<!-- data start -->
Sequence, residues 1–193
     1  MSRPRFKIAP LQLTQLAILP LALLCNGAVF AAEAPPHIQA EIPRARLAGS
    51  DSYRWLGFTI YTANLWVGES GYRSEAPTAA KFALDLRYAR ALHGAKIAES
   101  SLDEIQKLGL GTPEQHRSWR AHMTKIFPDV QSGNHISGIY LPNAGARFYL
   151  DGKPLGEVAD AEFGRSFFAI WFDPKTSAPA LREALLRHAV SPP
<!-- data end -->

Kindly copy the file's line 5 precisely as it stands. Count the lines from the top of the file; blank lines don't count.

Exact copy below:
   151  DGKPLGEVAD AEFGRSFFAI WFDPKTSAPA LREALLRHAV SPP